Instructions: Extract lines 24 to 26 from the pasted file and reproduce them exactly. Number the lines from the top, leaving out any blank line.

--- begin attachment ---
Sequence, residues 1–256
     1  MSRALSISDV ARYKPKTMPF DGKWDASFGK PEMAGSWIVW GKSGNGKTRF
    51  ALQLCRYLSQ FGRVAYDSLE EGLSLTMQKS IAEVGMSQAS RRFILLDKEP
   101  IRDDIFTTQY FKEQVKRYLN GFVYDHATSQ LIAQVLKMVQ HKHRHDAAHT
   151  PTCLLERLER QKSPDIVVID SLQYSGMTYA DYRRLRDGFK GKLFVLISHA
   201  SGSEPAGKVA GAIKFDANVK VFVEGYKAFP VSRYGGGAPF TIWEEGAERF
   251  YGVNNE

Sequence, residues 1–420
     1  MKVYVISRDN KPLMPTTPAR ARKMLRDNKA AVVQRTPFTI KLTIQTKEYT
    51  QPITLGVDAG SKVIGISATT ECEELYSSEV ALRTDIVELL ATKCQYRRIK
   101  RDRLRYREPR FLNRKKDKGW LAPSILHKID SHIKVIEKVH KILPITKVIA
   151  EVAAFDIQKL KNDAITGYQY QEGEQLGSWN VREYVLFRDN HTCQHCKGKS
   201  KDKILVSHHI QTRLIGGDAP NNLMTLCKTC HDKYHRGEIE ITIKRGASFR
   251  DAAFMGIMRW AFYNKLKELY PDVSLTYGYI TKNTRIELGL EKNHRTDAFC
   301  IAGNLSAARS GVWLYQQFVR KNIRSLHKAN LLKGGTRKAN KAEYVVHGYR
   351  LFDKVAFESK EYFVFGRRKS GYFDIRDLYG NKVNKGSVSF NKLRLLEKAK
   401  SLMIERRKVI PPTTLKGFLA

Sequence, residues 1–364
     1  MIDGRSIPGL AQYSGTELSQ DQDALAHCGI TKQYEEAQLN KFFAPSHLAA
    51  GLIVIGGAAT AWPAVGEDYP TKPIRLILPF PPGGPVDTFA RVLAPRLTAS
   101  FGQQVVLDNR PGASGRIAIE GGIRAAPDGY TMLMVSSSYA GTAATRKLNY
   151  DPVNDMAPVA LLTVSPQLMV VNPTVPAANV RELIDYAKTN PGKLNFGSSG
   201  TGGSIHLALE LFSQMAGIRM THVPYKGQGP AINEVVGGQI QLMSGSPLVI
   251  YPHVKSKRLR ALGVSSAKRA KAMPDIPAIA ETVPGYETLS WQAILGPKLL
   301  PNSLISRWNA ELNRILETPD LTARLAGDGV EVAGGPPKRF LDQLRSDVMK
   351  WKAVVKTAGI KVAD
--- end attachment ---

   251  YPHVKSKRLR ALGVSSAKRA KAMPDIPAIA ETVPGYETLS WQAILGPKLL
   301  PNSLISRWNA ELNRILETPD LTARLAGDGV EVAGGPPKRF LDQLRSDVMK
   351  WKAVVKTAGI KVAD